War Girls is one of those books which builds up with an intensity. From the beginning I was hooked, but as I kept turning the pages, I fell more and more in love with the story and the characters. War Girls is a story about the consequences of war and the road to peace.
The year is 2172. Climate change and nuclear disasters have rendered much of earth unlivable. Only the lucky ones have escaped to space colonies in the sky.
In a war-torn Nigeria, battles are fought using flying, deadly mechs and soldiers are outfitted with bionic limbs and artificial organs meant to protect them from the harsh, radiation-heavy climate. Across the nation, as the years-long civil war wages on, survival becomes the only way of life.
Two sisters, Onyii and Ify, dream of more. Their lives have been marked by violence and political unrest. Still, they dream of peace, of hope, of a future together.
And they’re willing to fight an entire war to get there.
War Girls is, unsurprisingly, a story about war. The children who look up to the sky and see the shadows of drones. Built on the historical conflict of the Nigerian Civil War, War Girls is a powerful book that refuses to let us walk away. Told over a span of years, Onyebuchi refuses to give us easy answers about guilt, revenge, and peace. A conflict over minerals, over the ground they walk on, turns into something more – a rhetoric that pits neighbors against each other. That twists the metal pulsing underneath our skin.
From the beginning I fell in love with the science fiction elements. Told from the perspectives of Ify and Onyii, the two main characters, War Girls is a story that examines these two girl’s lives. War Girls examines not only their experiences, but also their relationship, their sisterhood, and their love. Their lives, even while they are just individuals, play out across screens and distance. What is the truth in war? It isn’t as concrete as we think, malleable in warm hands and shadowed in the daylight.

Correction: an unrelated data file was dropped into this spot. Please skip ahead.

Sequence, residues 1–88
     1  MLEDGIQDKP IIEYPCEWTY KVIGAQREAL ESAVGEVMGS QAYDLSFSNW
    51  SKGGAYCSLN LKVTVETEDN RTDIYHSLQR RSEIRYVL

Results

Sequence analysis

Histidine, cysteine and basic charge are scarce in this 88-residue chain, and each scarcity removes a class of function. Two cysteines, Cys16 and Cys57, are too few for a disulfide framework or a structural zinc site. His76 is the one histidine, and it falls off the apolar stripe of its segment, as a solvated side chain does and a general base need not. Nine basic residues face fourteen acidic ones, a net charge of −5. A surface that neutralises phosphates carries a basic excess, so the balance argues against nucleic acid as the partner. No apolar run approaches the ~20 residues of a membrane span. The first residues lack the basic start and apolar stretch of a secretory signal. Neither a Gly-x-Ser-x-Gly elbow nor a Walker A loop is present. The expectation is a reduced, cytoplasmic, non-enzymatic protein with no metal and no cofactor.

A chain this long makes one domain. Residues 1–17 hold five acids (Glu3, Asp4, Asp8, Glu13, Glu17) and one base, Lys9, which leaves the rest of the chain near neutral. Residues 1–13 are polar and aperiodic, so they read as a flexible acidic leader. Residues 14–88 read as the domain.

Themes and Questions
War Girls will twist your heart. We are asked about the context of our actions. Seeing the war from both sides, are our actions truly so different? The nightmares that keep us awake at night, the screams and shadows that haunt our waking moments. Questions of ethics and technology are explored. Situations in which we are turned into weapons, not only the weaponization of children, but of their physical bodies. Cyborg bodies of bullets and blood.
Casualties turn into resentment, friends in enemy colors sprinting amongst a rain of bullet shells. Technology can be something magical and powerful, but also dangerous and unwanted. All the compromises, the deaths, the moral high ground, is it all worth it in the end? War is lived out in the skies and on our bodies. It can keep us from thinking about the consequences, the regrets, and the nightmares that will plague us after the ink has dried.
Shards of happiness in old wounds. Girls created in the fires of war, hardened, and melted into something different. War Girls is a roller coaster of emotions. Featuring a character struggling with PTSD, a f/f romance, and two girls cemented by betrayal and sisterhood, War Girls is a powerful book, but along with war comes our quest for peace. Where do we search for our own sense of peace when we cannot find it in the ruins around us. Are we able to recover from this? Chasing after a fleeting sense of wholeness? In the search of revenge and redemption?